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Vibrant Gujarat? State industries' net value added slips into the negative for two consecutive years

By Rajiv Shah
Gujarat industry’s net value added (NVA), which is calculated by deducting all the depreciation charges – including consumption of fixed capital such as on raw materials, power and other inputs – has suddenly gone into the minus, surprising many an economist. The latest Annual Survey of Industries (ASI) data, put out in the first week of this month, suggest that NVA, which economists consider as “indicating the actual investment potential of a sector of economy”, has gone into the negative for two consecutive years continuously. It was minus (--) 0.64 per cent in 2010-11 and, again, minus (--) 1.72 per cent in 2011-12. The ASI is the principal source of data on various aspects of registered industrial establishments. They are part of the annual exercise by the Government of India’s Central Statistics Office’s industrial statistics wing.
The fresh data showing poor investment potential of Gujarat in the industrial sector suggests that, after a drastic rise in the recent past, the sector may be experiencing stagnation, though economists would like to wait to reach such a conclusion. Yet, the fact is, the negative growth of the NVA of Gujarat industries in 2011-12 stands in sharp contrast to 18.69 per cent rise in the NVA of the country as a whole, with several states’ NVA rising by a whopping 152.47 per cent (Karnataka), 127.92 per cent (Rajasthan), Punjab (61.86 per cent), Bihar (27.83 per cent), and Haryana (20.96 per cent). In fact, Gujarat was one of the five states whose NVA went into minus in 2011-12, other states being Uttar Pradesh (--16.30 per cent), Jharkhand (--13.91 per cent), West Bengal (--2.29 per cent), and Assam (1.88 per cent).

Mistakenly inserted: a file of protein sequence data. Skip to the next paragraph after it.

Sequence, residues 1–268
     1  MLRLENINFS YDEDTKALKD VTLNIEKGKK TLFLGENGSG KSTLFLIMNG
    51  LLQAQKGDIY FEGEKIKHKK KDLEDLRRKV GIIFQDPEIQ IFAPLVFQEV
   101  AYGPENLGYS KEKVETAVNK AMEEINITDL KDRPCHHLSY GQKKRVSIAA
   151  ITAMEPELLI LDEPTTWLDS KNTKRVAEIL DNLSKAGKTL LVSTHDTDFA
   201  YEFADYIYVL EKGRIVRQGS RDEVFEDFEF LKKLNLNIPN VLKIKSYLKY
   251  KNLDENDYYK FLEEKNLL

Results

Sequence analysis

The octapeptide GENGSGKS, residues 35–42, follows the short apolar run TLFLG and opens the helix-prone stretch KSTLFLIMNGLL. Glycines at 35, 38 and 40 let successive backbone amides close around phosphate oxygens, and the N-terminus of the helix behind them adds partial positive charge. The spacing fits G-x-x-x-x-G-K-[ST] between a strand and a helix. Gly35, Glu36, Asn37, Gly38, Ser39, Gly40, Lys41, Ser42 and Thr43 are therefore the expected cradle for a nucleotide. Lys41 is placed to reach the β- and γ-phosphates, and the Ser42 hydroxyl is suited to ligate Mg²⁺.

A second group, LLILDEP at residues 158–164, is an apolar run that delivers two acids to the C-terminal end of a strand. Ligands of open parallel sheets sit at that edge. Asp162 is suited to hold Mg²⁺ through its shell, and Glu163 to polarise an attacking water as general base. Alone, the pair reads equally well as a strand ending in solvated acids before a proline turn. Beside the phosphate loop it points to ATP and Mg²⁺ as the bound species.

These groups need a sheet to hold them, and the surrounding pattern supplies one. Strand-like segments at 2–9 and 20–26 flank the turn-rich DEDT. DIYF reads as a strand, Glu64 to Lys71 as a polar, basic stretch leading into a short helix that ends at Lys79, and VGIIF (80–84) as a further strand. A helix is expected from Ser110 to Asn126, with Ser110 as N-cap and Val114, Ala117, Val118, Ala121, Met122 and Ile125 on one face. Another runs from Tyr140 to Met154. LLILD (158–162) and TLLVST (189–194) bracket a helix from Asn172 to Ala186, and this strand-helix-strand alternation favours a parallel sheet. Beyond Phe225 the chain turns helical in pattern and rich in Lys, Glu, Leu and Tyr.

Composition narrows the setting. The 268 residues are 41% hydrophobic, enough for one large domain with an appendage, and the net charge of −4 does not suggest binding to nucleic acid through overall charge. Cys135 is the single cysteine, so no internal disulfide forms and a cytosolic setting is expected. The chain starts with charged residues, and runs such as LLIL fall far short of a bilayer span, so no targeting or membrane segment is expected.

Gujarat’s poor showing in NVA has come even as the state’s overall rank in the total amount of net value added in rupee terms slipped from No 2 in the country to No 3. Maharashtra has consistently maintained its No 1 position. In 2011-12, Maharashtra’s NVA was Rs 1.54 lakh crore, and at Rs 1.49 lakh crore in 2010-11. In 2011-12, Karnataka eased out Gujarat as No 2. In 2010-11, Gujarat’s NVA stood at Rs 89,447 crore, while No 3 was Karnataka at Rs 71,993 crore. But in 2011-12, Karnataka snatched away Gujarat’s No 2 position by registering NVA of Rs 1.03 lakh crore. Gujarat, which went into the negative, on the other hand, registered an NVA of Rs 87,909 crore, going into the negative.
Significantly, Gujarat’s NVA stagnated for two consecutive years after its industries registered a very healthy rise in NVA of 49.01 per cent in 2009-10. The rise came about following negative NVA in the previous year, of – 2.72 per cent in 2008-09. Even then, it is a fact that the ASI figures 1998-99 onwards suggest that Gujarat’s NVA registered an impressive growth of 14.5 per cent per annum till 2011-12. Prof Indira Hirway, a senior economist, told Counterview, “The data suggest that the investment climate might have suffered a setback over the two years in question. However, good investment cannot always be a continuous process each year. It has its own ups and downs. Hence, it is always advisable to calculate NVA taking a long-term period to know the exact situation.”
There is a distinct view among Gujarat-based economic experts that the state’s own home-grown industry has not been growing particularly consistently over the last few years. This view has been openly expressed by senior economic consultant Sunil Parikh in different open forums. In its drive to attract outside investment through bi-annual state-sponsored Vibrant Gujarat summits, Parikh believes, the investors from outside the state have been able to take away a bigger part of the cake, while the state’s own industries showed a degree of stagnation. There is, however, no word or analysis from the government over the tangled issue, as it would be politically dangerous to trigger its nuances at time when Gujarat chief minister Narendra Modi is BJP’s Prime Ministerial candidate in ensuring Lok Sabha polls.

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